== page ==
If you are Indian, you’ll probably wonder why this, of all things, deserves a blog post. Well, I’m feeling nostalgic. And when you are feeling nostalgic, there’re very few dishes that will transport you to some part of childhood like this one. For me, its train journeys, as may be evident from the way it is referred to in our house: Station Alu. Puri with potato or Alu Masala was something we got when we were on our oftentimes-longer-than-24-hrs train journey from wherever to our “native place” Kerala. As kids, we rarely ate this combination anywhere else but in trains; at most in those train station restaurants. Mostly because the alternatives (Dosas or Bread-Omelets served with suspect-looking chutneys or ketchups) looked distinctly less attractive, and also because, Puri.
Puri was a family favorite. It was a family tradition – Sunday breakfast was always Puri unless extenuating circumstances (like not being at home because of vacations or social events) prevented its making. But, at home, we always had it with Chole or Rajma. The literally handful of times my folks made Puri with Station Alu, my brother and I frowned and grumbled through the entire meal. Station Alu was a compromise, one we were willing to make in a combination involving Rotis (again, because alternatives. In an effort to make us eat all vegetables, my folks invented some pretty ghastly dishes. For example: there was one thing they called “Red Kootan,” meaning red gravy, that was an unholy combination of potato, carrot, and beetroot, and optional ingredients, peas and beans). Puri-Chole and Puri-Rajma were sacred combinations, not to be messed with. There are several stories in our family around this combination, including one oft-repeated legend of a 6-year-old me eating 18 Puris and a substantial amount of Chole that my mom had packed for me and my friends, by myself.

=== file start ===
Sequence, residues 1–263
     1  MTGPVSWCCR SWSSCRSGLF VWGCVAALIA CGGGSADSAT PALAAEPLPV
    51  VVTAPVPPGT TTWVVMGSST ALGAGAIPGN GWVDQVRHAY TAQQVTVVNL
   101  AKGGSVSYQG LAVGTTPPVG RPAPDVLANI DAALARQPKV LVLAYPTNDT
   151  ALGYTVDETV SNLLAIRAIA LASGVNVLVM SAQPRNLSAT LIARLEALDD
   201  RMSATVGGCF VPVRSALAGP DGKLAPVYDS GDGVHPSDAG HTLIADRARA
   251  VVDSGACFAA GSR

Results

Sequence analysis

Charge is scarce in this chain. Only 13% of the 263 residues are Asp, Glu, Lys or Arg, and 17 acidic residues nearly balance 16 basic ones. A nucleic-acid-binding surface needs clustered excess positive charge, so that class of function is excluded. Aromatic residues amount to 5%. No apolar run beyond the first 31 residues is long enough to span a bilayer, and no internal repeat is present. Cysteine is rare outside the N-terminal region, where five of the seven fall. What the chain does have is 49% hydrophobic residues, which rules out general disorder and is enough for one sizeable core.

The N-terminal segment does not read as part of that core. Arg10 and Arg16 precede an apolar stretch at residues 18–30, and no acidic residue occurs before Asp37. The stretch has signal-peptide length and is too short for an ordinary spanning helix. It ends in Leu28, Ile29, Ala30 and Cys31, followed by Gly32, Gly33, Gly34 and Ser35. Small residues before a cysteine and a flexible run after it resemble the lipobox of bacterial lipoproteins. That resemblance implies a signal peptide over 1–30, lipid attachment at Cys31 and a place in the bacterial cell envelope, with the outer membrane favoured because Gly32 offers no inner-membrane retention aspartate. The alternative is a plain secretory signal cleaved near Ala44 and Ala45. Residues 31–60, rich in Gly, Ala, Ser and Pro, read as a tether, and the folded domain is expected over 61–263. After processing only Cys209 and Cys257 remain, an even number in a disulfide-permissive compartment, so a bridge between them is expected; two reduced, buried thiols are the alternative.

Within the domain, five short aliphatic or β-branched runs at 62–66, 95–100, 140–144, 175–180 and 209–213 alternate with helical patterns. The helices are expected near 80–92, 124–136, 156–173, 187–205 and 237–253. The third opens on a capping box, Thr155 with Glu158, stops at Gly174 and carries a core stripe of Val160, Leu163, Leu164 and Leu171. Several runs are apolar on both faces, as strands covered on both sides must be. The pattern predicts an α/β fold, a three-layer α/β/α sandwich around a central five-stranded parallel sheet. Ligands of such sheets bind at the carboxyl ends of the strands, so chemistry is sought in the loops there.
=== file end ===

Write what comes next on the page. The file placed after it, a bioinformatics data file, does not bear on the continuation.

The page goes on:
Puri-Station Alu, ahem, Puri-Masala is a more regular component of S’s childhood. While it wasn’t a family tradition like our Sunday breakfasts, it was still one of those special dishes that they looked forward to as kids. He would make what he calls “Puri dogs” and consume them by the ..er..half dozens. Which is a lot if you consider the size of the Puris his mom makes – slightly bigger than your average hotel Puris. He still eats them like that at home actually, because its fun and because why the hell not.
Of course, with all this Puri in her parents blood, there is no way the love of them has escaped A. She is puri tarah se mad about Puris! (See what I did there? Hyuk hyuk) As much as love eating them by the 1.5 dozens, I’m not very fond of making Puris at home. There are a lot of reasons for this, not the least of which is my level of skill at making them. We shall not get into those now. Instead, we shall focus on the fact that I did make Puri-Masala tonight. A ate more than she usual would, because Puri. S enjoyed some Puri dogs inhibitions-free. And I sat sniffling (because unexpectedly spicy green chillies ok!) reliving some memories and thinking this could be a blog post.